In March 2019, the Eurozone’s inventories-to-new-orders ratio reached a new peak, its highest level since the 2012 crisis, and well above the rest of the world. Global uncertainty and frontloading activities account for almost 30% of the increase.
Credit experts estimate that inventories are currently between 20% and 30% above what is considered a normal level. Research shows that the current increasing deviation of the inventory-to-orders ratio from its average would drive prices down by -0.2pp in 2019 and by -0.1pp in 2020. In addition, inventories are likely to subtract -0.3pp from Eurozone GDP growth in 2019 (to +1.2%) before a catch-up in 2020 (+0.1pp).
A new study, jointly produced by Euler Hermes Economic Research and Euler Hermes Rating, points out the unusually high level of inventories in the Eurozone since mid-2018.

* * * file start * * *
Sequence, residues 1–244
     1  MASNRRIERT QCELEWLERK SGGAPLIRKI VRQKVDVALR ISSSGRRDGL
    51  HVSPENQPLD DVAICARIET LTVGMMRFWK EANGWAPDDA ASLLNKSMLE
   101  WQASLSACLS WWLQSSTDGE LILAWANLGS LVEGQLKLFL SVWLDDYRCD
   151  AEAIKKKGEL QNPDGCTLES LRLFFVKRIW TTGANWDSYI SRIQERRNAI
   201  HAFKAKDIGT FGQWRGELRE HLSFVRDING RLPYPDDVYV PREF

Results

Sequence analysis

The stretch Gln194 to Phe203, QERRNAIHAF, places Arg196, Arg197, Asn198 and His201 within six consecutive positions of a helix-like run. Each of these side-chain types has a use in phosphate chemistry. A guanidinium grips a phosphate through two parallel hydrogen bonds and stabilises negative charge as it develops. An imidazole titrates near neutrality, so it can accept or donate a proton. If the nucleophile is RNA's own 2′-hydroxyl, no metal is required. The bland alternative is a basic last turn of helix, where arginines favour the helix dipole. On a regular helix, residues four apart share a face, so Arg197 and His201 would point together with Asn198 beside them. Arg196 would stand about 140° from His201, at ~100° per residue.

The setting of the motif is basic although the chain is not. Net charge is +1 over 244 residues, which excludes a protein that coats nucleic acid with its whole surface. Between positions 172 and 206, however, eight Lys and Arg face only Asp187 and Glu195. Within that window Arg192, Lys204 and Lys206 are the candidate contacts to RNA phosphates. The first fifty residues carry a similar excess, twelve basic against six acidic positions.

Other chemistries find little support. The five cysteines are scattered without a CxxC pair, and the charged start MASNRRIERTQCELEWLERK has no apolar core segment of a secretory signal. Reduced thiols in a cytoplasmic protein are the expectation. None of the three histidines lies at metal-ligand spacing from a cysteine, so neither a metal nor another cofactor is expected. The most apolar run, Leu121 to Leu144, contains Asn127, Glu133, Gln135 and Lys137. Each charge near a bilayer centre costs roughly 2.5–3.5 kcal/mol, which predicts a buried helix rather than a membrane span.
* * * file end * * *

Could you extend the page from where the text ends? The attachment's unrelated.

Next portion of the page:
The inventories-to-new-orders ratio (based on the Manufacturing PMI) is rising worldwide, but the Eurozone’s ratio reached a new peak of 1.13 in March 2019, its highest level since 2012 and the highest in the world. A ratio above one usually suggests a disruption and calls for an adjustment.
The inventories-to-new-orders ratio has been steadily increasing in the Eurozone since the end of 2017. In the manufacturing sector, Days Inventory Outstanding (DIO), which indicates how long it takes on average for a company to turn its inventory into sales, have increased by four days in 2018, compared to 2017, for both large companies (+4 days, 52 days) and SMEs (+ 4 days, 58 days). Spanish large companies (+ 11 days) and Italian SMEs (+9 days) saw the largest increases.
The accumulation of stocks driven by global uncertainty and lower demand
Market experts explain that the current Eurozone inventory accumulation through two factors which account for almost 30% of the increase:
The first factor relates to global uncertainty: large manufacturing companies tend to be more integrated in the global supply chain and more exposed to external trade, which has slowed down since the start of the year, thus leading to stockpiling.
Secondly, frontloading activities have also pushed inventories higher as demand proved to be weaker than expected.
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